In a statement, Parson called the move a "proactive approach" and said the Missouri State Highway Patrol is also standing by in case its assistance is needed by local law enforcement agencies.
"We are saddened by recent acts of violence that have occurred in some cities across the nation,” Parson, a Republican, said in a statement announcing his executive order. “We fully support the right of citizens to peacefully protest and are committed to protecting that right. At this time, we are taking a proactive approach in the event that assistance is needed to support local law enforcement in protecting Missouri and its people.”
Nationwide protests erupted Wednesday after a Kentucky grand jury declined to indict two Louisville police officers and a former officer in connection with Taylor's death during a botched March 13 drug raid. The former officer, Brett Hankison, was indicted on three counts of first-degree counts of wanton endangerment but not in Taylor's death.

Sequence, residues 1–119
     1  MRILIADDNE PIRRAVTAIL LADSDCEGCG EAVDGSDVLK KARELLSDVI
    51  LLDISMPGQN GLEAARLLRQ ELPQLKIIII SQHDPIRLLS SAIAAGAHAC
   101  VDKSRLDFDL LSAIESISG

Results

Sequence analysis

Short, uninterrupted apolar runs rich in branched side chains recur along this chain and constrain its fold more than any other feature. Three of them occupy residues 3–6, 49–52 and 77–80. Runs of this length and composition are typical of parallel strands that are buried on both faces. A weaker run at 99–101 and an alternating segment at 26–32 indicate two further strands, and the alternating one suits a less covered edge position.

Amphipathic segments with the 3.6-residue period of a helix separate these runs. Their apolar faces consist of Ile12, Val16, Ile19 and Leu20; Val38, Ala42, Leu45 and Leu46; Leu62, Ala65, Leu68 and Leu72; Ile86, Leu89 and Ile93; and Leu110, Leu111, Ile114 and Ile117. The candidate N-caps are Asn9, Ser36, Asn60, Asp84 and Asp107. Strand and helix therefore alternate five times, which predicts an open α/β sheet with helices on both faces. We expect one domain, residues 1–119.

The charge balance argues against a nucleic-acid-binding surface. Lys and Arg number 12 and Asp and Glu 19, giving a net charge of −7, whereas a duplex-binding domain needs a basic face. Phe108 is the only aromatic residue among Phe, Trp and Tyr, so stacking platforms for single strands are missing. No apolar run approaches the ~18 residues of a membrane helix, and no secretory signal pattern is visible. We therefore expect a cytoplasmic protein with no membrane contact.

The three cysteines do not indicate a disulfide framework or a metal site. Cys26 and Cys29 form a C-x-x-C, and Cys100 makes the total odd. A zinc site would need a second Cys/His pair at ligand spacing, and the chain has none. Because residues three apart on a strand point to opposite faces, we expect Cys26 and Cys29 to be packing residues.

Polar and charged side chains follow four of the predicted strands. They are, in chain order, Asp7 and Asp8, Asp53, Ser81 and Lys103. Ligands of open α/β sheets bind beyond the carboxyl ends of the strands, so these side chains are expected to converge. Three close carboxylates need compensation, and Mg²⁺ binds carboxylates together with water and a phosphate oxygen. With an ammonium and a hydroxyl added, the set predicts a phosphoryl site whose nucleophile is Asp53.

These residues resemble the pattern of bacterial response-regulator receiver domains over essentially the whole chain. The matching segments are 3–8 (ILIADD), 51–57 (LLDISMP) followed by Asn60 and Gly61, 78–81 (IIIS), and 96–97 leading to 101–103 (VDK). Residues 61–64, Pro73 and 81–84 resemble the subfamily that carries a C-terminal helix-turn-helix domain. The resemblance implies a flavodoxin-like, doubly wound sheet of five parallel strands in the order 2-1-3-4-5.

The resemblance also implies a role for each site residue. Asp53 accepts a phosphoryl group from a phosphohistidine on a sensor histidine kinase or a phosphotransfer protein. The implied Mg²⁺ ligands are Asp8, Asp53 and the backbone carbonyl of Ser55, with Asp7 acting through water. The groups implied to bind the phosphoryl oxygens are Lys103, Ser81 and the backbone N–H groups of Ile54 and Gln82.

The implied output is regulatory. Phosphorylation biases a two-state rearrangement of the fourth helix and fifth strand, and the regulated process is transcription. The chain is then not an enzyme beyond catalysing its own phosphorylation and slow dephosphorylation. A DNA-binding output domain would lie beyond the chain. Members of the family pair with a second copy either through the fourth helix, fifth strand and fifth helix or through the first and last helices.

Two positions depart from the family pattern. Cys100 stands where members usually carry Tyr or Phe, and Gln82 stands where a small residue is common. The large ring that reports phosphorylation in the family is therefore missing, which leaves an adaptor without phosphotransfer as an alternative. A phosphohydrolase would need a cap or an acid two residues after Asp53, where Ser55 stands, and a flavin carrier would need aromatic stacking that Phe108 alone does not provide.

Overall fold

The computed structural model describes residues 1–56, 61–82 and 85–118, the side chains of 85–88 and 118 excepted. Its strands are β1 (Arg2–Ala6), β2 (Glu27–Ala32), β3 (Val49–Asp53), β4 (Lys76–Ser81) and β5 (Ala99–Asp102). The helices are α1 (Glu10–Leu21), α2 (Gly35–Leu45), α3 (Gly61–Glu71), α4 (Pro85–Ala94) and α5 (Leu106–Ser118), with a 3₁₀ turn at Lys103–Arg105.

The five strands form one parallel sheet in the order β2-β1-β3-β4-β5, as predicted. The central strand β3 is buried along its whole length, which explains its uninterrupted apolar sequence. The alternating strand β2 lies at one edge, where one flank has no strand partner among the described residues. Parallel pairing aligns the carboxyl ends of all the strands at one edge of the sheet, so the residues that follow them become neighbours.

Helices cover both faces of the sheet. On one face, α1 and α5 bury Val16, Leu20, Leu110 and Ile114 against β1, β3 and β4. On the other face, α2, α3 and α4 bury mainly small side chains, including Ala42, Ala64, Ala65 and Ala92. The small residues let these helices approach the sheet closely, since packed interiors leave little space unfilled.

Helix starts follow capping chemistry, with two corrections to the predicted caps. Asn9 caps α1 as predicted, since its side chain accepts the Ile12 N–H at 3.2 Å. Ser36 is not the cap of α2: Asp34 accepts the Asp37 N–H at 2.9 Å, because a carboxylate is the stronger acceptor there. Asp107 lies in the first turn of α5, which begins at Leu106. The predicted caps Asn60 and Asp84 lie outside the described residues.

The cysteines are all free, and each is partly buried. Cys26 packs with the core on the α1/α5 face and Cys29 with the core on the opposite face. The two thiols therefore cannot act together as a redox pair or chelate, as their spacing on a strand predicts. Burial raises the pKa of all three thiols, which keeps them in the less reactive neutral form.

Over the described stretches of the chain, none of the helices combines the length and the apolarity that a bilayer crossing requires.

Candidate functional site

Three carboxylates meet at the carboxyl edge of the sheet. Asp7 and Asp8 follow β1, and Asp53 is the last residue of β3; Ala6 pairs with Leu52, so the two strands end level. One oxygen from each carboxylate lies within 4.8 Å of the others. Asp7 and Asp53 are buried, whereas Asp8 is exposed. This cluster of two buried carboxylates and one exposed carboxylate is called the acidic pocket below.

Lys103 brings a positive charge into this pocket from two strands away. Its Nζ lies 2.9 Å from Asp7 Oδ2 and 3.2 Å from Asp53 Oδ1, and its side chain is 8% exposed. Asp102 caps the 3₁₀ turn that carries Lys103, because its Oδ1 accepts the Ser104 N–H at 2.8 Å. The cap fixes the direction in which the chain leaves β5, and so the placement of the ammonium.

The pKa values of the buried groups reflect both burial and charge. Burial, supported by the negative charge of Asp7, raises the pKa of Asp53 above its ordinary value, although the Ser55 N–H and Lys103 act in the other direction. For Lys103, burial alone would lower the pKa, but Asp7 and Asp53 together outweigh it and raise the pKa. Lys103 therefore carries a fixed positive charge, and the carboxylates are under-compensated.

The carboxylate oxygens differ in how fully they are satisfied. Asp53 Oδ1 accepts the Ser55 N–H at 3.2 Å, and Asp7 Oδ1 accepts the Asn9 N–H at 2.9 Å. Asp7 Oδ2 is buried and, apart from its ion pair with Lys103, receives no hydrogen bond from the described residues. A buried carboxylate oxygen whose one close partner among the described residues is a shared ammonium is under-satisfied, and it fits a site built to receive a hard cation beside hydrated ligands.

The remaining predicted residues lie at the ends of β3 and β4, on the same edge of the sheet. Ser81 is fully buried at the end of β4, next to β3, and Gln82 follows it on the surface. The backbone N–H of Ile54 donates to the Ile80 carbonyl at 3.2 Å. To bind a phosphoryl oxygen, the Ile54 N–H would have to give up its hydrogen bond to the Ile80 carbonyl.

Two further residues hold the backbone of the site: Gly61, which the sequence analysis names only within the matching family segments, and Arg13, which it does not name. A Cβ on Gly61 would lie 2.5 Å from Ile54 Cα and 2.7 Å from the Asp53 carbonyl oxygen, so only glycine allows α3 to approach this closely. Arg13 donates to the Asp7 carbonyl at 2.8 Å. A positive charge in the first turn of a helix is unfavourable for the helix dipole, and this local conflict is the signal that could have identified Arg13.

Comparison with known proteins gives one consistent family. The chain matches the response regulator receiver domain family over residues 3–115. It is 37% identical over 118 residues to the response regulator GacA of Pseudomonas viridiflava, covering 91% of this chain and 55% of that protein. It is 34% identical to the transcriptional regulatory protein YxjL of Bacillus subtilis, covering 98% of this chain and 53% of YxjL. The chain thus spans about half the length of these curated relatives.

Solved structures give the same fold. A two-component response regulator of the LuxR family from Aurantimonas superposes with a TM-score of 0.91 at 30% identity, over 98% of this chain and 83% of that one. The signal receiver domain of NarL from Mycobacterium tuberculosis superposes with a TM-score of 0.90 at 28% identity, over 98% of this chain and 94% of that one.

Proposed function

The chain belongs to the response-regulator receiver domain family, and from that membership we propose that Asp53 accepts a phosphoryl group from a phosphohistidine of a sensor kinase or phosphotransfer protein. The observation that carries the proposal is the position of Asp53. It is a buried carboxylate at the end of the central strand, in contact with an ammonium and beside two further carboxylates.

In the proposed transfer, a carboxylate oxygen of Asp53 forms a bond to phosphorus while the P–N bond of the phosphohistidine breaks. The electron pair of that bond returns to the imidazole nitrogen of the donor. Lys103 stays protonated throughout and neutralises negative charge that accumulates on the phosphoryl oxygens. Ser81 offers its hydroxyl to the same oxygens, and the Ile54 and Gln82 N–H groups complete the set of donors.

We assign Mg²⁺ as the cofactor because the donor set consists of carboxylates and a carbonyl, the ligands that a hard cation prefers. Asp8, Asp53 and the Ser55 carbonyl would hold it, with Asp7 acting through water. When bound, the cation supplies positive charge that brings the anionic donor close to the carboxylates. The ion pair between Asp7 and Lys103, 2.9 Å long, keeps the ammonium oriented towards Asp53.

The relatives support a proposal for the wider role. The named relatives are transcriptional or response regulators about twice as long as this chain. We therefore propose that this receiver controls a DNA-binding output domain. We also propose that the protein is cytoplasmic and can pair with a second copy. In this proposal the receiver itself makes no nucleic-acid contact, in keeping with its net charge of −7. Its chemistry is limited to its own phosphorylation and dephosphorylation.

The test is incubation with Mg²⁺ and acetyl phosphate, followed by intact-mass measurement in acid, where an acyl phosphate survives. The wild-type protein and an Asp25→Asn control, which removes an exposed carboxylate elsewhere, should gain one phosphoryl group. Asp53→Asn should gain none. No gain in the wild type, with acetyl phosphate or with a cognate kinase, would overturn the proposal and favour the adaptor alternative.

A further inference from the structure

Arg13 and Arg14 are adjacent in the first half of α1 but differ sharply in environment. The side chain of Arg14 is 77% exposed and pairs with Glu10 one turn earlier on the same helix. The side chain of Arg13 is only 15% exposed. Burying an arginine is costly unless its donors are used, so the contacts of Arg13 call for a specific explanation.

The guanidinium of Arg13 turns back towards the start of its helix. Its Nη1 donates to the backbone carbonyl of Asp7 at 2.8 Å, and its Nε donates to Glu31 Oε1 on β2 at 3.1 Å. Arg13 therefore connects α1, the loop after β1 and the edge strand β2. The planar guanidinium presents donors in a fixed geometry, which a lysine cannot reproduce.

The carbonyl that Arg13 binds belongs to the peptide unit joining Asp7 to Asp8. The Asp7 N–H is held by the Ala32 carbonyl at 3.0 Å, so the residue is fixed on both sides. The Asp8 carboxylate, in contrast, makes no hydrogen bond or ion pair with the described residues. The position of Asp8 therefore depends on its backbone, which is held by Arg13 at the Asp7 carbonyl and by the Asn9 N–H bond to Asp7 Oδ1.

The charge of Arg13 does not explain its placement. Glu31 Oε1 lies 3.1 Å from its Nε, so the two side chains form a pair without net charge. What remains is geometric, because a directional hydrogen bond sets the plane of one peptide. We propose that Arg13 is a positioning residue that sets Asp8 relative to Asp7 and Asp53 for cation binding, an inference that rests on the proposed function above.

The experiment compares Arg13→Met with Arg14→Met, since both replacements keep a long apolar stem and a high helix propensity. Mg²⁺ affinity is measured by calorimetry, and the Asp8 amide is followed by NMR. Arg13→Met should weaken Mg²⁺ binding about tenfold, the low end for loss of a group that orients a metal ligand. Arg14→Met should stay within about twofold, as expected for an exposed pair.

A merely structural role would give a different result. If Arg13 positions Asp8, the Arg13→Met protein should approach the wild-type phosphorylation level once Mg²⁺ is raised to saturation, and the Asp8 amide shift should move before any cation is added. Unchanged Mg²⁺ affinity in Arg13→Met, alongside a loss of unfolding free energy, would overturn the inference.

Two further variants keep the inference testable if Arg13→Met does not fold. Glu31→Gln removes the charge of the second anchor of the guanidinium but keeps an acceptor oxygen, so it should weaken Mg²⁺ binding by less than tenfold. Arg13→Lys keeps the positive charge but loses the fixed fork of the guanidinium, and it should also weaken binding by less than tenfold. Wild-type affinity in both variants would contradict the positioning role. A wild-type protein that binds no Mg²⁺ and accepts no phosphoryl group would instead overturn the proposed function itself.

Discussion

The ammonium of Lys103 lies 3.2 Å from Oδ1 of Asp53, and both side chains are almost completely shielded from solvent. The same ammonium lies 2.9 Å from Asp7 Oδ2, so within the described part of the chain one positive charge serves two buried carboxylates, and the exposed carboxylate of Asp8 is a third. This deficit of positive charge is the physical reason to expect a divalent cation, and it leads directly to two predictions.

He was fired in June over his role in the fatal shooting.
The grand jury decision prompted protests in several cities, some of which turned violent. In Louisville, 127 people were arrested and two officers were shot. In Seattle, one officer was hit in the head with a baseball bat. He was wearing a helmet at the time.
Parson said his decision was made as a precautionary measure, despite no violent demonstrations having occurred in Missouri in response to the Taylor case.